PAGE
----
Screening History: “That Hamilton Woman” (1941)

If there’s any genre I love as much as the epic, it’s the costume drama. With all of its sumptuous decor, its melodramatic excess, and its focus on women, it’s a genre tailor-made (it would seem) for the discerning homosexual.

Such, indeed, is That Hamilton Woman, the 1941 film by Alexander Korda, starring the radiant Vivien Leigh and the dashing Laurence Olivier.

Vivien Leigh plays the titular role of Emma Hamilton, a commoner who becomes, first, the wife of the British ambassador Naples and, later, the mistress of the famous admiral Horatio Nelson. Their affair is the scandal of society, and ultimately Nelson must choose between his love for Emma and his duty to his country as the admiral and she, likewise, must decide whether to continue weaving her net about him or to let him go. The two of them must repeatedly confront the essential conflict between their personal love for one another and the responsibility that Horatio has to his country, given that he is one of the few commanders who stands between Napoleon and global domination. In the end, she sends him off to his duty, even though it means the end of their love.

At the beginning of the film, Emma has fallen on hard times, her once-great beauty diminished by years of penury. Yet even the makeup and bedraggled clothing cannot entirely efface Leigh’s exquisite beauty, which radiates outward rom the screen, limned by the dim light coming from outside her prison cell. Indeed, Leigh is one of those talents of old films whose face was made for the camera. With her fine cheekbones, full lips, and slightly-wide (and incredibly expressive) eyes, Leigh’s Emma frequently gazes off into the distance, her luminous eyes seeming to gaze into a future that can never be realized. Even when she sits in a jail cell, she seems to command our gaze.

Indeed, it is precisely Leigh’s performance that endows Emma with her tremendous presence, as a woman whose desires motivate the narrative. Given that the entire film is told as a flashback, I would argue that it is Emma’s perspective that dominates the entire film. In other words, through her perspective that we understand world-historical events to have another element besides the doings of great men on the stage of history. As such, Emma also comes across as a woman determined to see her desires fulfilled, even if that means that she goes against the strictures that society has placed upon women and their sexual behavior.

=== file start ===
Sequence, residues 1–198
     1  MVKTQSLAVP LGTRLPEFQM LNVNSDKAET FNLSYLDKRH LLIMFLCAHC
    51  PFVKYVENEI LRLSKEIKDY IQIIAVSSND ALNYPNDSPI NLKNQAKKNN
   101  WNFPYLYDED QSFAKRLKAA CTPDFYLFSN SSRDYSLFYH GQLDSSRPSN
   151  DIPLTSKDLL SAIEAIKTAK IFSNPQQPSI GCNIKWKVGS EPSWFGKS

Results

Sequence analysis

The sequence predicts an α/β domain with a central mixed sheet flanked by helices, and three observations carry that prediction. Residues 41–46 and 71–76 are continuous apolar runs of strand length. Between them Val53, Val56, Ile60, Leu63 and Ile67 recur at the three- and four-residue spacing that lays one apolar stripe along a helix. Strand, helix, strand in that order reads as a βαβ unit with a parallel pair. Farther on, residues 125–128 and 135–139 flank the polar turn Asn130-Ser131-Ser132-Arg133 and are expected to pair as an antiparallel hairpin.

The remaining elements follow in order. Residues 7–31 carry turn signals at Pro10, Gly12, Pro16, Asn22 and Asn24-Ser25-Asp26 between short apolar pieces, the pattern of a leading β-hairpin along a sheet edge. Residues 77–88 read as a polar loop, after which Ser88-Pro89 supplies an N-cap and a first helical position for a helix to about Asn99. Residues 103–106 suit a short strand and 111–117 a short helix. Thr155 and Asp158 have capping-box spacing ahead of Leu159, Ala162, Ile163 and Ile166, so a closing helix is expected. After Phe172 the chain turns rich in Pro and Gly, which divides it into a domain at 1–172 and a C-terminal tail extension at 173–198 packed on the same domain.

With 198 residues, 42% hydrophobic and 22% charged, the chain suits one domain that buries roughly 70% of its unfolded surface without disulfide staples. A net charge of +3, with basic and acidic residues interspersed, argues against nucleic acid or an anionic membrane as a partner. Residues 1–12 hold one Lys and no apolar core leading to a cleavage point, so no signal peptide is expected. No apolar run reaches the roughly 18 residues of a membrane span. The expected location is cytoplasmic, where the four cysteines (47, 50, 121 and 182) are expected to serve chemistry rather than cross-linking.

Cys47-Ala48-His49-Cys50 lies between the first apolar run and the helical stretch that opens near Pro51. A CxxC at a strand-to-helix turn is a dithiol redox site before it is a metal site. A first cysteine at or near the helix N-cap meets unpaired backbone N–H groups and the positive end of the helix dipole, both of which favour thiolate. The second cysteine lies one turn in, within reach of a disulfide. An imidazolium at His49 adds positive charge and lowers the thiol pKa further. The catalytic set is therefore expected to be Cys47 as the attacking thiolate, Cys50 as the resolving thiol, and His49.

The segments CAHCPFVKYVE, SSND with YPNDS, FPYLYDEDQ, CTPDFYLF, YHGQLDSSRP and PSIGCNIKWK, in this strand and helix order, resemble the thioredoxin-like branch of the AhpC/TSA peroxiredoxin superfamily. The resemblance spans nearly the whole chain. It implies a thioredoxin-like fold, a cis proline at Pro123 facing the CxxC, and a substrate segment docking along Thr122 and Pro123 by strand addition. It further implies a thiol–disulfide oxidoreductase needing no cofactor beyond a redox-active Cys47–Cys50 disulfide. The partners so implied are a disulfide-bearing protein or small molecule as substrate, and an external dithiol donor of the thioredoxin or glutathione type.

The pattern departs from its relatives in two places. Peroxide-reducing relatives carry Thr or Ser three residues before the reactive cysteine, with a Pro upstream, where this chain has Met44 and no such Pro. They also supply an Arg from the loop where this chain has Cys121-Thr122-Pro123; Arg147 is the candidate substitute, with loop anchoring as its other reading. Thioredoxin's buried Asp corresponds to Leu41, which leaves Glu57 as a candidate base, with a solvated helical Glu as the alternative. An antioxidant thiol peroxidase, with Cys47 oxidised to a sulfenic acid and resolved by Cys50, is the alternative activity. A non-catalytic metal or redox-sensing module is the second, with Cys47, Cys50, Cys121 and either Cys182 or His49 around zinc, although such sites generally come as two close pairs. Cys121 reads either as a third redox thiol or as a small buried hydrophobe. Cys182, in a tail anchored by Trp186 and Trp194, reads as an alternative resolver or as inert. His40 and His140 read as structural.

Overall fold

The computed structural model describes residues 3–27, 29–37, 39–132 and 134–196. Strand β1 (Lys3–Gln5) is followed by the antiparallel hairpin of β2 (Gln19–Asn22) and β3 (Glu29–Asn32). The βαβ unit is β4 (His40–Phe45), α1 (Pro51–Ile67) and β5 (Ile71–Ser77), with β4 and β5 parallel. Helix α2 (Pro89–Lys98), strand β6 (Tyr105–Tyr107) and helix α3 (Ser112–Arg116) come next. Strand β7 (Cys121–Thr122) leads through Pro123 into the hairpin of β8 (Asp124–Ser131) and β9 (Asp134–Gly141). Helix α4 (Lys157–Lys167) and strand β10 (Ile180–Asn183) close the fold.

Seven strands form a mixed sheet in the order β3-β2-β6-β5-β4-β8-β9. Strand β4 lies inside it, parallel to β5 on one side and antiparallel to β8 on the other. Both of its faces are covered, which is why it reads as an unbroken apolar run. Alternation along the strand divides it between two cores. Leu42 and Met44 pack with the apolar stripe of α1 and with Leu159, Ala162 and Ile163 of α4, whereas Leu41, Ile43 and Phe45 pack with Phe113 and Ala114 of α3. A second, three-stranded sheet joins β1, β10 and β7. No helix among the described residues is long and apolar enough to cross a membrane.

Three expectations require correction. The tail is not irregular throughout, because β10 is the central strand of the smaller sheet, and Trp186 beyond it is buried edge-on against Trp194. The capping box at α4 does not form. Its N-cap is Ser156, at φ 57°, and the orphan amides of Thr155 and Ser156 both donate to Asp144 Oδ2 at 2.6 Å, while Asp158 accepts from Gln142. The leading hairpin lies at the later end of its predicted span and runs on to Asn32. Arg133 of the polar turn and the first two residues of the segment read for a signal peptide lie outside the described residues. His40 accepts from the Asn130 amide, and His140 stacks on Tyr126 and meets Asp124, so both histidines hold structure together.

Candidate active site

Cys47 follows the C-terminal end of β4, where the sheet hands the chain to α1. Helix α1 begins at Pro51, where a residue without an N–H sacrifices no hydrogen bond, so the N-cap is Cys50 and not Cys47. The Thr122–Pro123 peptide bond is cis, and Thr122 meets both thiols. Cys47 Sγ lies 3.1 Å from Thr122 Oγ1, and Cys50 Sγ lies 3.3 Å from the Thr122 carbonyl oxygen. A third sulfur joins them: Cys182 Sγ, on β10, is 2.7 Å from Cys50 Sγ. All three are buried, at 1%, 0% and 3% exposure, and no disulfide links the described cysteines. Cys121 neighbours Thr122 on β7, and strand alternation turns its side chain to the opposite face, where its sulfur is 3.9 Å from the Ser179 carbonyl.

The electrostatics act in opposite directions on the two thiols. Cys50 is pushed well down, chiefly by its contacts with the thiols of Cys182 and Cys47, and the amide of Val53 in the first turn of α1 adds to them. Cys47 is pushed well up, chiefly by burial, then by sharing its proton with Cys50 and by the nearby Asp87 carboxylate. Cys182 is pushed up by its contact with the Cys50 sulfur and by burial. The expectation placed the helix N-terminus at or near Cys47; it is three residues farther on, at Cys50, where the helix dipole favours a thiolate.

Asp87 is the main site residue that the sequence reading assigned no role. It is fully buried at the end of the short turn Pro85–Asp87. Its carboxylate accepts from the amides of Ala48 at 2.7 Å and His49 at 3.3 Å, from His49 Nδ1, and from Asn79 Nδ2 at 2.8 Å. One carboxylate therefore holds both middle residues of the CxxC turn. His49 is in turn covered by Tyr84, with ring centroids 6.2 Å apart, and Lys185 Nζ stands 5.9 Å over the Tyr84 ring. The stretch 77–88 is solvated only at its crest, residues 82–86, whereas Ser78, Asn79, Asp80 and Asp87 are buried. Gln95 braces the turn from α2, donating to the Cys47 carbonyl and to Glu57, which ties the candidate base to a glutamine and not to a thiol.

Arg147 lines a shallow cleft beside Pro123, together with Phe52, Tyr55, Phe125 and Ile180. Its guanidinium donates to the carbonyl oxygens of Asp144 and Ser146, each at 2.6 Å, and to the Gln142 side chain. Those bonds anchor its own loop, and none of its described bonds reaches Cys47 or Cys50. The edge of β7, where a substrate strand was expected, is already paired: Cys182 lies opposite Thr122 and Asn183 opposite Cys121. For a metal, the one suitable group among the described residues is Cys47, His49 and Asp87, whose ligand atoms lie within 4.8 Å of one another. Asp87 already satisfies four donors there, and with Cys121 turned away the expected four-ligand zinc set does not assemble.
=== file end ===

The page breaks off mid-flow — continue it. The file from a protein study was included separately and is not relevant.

Emma’s great misfortune, however, is that the world she lives in is utterly incapable of seeing her as anything other than “that Hamilton woman,” an epithet always delivered with contempt, pity, or vituperation. And while she believes that love is the only thing she needs to sustain herself, a series of events have clearly brought her to the point that she is living on the streets, subject to the uncaring justice of the state. Through it all, however, Emma radiates strength, grace, and beauty.

Olivier as Nelson is a bit more unrestrained than one usually sees, and sometimes his performance veers dangerously close to scenery-chewing. However, this seems appropriate, given that he’s playing a man noted for his relentless energy and naval brilliance (it wasn’t every commander, after all, that dared to go after Napoleon Bonaparte). He certainly bears with him that signature Olivier scowl.

The film’s visual design is truly opulent, amply conveying to a jaundiced modern eye the splendour of a bygone era, when countries and individuals bestrode the world like ancient colossi. Despite its grand themes and historical concerns, That Hamilton Woman is equally adept at conveying the deep personal and emotional currents that have an impact on the actions of the great. For the film, Emma’s love of Nelson is true, rich, and deep, which makes its demise with his death at the Battle of Trafalgar all the more wrenching, for we know that Emma will be left with nothing except his illegitimate daughter.

The film’s final tragedy is that it denies us as viewers a view of the events that led Emma from being the mistress of one of the most powerful men in England to a beggar wandering the street. We are left yearning for what it is that fills in that lacuna, even as we also know that to see it would shatter the magnificent illusion that it has already spent so much time constructing. In refusing to grant us this image of her degradation, Emma retains her control on her own story until the very last, he weary countenance gazing into a past that can never be recaptured and a future devoid of even the remotest possibility of joy or love.

Rousing and resonant, That Hamilton Woman is a visually stunning exploration about the ways in which women are forced to maneuver the halls of power. And the punishment that often greets them when they do.

Advertisements